Helping cows cope with cold stress
Published on Jan. 11, 2020
“The first and most important thing to recognize is cold stress increases the energy requirements of cattle and thus can very easily decrease body condition and fat stores,” states Nebraska Extension Beef Systems Specialist Dr. Mary Drewnoski during the Nov. 6 episode of the University of Nebraska-Lincoln’s (UNL) BeefWatch podcast.
“How cattle fare during the winter months affects calving success and rebreeding success. Therefore, it is extremely important to set them up for success early in the winter,” she continues. “Getting cows up in body condition score early in the winter can also be a risk management strategy to ensure they can handle cold stress later in the winter.”
BCS and lower critical temperature
Drewnoski explains lower critical temperature is the temperature at which cattle have to start using their energy stores to maintain their body temperature and says this is affected by the cow’s body condition score (BCS).
“Cows with a little more flesh, and therefore a higher BCS, will have a lower critical temperature, meaning they can handle lower temperatures without having to use their energy stores to maintain their body temperature,” Drewnoski says.
She continues, “On the other hand, cows with poor condition early on are going to be in very poor condition later in the season because they have a higher lower critical temperature.”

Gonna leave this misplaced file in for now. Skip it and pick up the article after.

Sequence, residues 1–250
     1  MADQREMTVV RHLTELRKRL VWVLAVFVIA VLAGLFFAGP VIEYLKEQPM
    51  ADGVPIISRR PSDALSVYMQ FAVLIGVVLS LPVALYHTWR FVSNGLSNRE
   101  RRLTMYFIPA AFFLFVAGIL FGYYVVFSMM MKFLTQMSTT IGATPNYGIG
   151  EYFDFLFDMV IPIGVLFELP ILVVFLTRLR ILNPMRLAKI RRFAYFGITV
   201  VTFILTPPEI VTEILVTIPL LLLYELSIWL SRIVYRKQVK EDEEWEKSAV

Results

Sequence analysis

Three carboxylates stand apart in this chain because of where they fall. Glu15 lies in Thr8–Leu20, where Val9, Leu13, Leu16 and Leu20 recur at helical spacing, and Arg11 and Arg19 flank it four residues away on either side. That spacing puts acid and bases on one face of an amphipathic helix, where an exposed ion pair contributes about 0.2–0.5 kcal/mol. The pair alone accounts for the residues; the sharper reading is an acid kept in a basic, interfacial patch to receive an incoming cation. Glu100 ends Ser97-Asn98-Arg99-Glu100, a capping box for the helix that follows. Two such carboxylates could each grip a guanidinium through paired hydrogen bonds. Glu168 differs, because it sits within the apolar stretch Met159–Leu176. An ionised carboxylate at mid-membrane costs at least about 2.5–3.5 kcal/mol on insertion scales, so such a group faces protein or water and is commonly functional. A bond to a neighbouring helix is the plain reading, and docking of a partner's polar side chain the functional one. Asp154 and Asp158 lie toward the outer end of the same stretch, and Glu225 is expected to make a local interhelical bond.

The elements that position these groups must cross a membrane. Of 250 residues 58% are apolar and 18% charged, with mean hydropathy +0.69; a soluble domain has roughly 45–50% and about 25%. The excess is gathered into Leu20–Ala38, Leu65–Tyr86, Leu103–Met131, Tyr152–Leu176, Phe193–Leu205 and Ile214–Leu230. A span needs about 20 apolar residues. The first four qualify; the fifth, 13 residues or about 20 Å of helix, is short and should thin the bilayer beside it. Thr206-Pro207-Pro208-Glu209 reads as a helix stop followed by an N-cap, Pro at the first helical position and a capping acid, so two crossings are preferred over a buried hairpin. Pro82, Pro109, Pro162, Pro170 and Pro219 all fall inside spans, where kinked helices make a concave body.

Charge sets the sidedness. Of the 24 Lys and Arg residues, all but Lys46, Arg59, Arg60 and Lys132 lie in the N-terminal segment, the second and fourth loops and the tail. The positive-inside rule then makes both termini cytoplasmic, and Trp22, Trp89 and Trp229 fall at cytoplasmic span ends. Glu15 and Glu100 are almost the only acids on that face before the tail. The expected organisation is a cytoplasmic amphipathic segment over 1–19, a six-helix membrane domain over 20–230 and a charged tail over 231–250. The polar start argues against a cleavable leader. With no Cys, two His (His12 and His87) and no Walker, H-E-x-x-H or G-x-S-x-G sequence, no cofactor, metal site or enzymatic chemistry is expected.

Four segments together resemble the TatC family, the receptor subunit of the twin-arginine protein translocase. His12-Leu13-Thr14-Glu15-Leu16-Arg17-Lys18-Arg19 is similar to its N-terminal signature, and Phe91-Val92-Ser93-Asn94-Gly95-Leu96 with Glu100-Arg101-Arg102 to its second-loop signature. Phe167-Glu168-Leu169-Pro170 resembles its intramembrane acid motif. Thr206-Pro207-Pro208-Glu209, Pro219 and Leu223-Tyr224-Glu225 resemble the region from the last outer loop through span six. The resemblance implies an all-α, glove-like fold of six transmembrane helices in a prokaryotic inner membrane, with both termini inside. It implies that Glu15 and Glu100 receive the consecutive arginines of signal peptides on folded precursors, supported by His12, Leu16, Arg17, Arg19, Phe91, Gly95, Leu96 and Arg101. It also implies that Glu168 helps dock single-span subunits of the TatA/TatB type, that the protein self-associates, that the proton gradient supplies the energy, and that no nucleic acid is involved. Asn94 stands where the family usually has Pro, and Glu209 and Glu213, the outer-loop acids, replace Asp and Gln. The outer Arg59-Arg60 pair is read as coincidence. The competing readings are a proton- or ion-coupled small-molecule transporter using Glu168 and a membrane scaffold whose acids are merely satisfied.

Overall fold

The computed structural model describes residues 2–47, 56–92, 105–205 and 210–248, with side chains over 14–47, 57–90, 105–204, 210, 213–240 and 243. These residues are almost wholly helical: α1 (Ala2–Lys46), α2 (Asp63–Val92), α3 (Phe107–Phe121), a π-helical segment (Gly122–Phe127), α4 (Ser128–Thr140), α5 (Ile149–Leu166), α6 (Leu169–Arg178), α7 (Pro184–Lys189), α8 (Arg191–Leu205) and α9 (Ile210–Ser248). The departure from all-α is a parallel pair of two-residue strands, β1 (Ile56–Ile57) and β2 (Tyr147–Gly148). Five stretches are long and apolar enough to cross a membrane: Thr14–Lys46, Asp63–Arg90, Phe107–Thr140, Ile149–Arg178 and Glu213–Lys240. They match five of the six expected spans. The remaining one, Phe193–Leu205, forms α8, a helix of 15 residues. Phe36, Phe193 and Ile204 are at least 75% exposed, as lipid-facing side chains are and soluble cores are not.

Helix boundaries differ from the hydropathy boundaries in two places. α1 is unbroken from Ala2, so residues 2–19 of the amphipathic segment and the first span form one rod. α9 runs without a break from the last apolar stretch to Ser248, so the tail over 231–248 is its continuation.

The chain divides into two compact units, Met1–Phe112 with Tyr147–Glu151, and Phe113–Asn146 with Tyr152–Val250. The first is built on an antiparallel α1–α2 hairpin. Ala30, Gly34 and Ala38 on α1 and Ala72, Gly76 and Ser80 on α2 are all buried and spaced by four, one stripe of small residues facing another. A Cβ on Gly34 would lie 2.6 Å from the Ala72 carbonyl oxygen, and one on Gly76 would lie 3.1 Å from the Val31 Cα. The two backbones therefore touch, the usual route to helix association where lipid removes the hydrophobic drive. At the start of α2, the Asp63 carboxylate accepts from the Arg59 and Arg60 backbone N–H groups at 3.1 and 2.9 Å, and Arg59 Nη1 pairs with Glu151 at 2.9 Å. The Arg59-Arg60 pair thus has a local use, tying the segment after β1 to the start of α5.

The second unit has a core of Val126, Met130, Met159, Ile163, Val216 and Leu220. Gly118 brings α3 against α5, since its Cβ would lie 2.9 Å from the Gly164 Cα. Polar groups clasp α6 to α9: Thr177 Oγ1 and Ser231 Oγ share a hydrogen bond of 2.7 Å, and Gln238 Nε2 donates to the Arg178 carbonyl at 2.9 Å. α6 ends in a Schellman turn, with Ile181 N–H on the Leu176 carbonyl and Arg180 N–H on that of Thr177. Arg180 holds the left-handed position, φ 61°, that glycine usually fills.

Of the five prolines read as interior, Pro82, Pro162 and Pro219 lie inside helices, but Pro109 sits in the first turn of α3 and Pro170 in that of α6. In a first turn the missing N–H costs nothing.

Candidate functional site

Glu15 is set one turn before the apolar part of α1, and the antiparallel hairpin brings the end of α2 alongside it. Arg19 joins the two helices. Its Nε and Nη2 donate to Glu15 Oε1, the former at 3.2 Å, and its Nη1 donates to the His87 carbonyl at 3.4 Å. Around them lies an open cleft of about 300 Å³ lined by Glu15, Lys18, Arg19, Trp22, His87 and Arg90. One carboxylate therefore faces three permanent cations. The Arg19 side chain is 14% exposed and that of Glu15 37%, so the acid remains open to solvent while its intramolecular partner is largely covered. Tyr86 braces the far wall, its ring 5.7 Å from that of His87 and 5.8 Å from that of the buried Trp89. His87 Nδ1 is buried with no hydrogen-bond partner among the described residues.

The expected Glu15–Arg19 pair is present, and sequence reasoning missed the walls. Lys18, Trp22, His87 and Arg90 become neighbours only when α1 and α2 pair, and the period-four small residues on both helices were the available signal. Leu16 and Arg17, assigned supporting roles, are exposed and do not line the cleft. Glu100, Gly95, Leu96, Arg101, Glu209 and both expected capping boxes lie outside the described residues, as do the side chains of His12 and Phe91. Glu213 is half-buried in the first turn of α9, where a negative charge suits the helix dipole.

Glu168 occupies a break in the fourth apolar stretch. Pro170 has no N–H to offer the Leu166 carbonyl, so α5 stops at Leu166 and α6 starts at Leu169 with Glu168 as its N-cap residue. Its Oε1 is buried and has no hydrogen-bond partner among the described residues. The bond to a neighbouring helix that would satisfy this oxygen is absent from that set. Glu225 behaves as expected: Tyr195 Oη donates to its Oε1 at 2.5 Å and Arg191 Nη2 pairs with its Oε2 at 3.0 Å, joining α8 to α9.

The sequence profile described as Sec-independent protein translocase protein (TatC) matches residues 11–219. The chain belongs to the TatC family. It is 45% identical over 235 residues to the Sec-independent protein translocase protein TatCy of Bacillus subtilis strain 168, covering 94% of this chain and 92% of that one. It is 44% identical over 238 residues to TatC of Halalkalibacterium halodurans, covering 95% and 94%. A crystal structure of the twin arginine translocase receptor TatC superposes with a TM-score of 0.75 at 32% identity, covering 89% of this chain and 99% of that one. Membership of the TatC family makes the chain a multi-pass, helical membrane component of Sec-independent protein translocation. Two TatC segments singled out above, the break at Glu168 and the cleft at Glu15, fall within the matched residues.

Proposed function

Other factors affecting cold stress
Drewnoski explains wind chill and wet hair coat are two other factors that may have an impact on cold stress in cattle.
“Cows aren’t dumb,” Drewnsoki states. “If they have a place to hunker down and get out of the wind they will.”
Because of this, Drewnoski says it is important to provide cattle with some type of windbreak.
“A 10 mile per hour wind can make it feel 10 degrees colder, which requires a significantly larger amount of energy for cattle to maintain body temperature,” she says. “If cattle are out in a flat field with no shelter, putting a windbreak out is one of the easiest ways to help cattle deal with cold stress.”
Drewnoski explains wet hair coat can also have a huge impact on lower critical temperature. However, besides providing cattle with shelter or more energy, Drewnoski recognizes this isn’t something producers have much control over.
“A wet hair coat is a whole different situation,” Drewnoski explains. “If a cow has a BCS of five and she has a dry hair coat, her lower critical temperature is 19 degrees, meaning until wind chill temperatures are below 19 she can maintain her body temperature without any extra energy.”
She continues, “On the flip side, if the cow has a wet hair coat, her lower critical temperature is 50 degrees.”
Coping with cold stress
Drewnoski notes sometimes cattle can’t eat enough to maintain their condition. In situations where this might be the case, she suggests a few different options.
“If cold stress is mild, producers can simply feed a higher quality forage, if this is possible,” she says.
According to Drewnoski, another option is supplementation. She says when it comes to energy supplements there are two things most people think of – corn and distiller’s grains.
“Corn is a fairly cheap energy supplement, but the challenge with corn is if we feed to much of it, it will negatively impact forage digestion and reduce the amount of energy cattle get out of forage,” Drewnoski explains. “As a rule of thumb, don’t feed more than two pounds of corn.”
Drewnoski notes in cases of extreme cold stress, feeding two pounds of supplemental corn won’t cut it.
“Therefore, another option producers should consider is feeding supplemental distiller’s grains. Distiller’s grains are not only a great protein supplement, they are also a good source of energy,” she explains. “The benefit of distiller’s grains is they have more energy than corn and they don’t have a negative effect on fiber digestion.”
Hannah Bugas is the assistant editor for the Wyoming Livestock Roundup. Send comments on this article to firstname.lastname@example.org.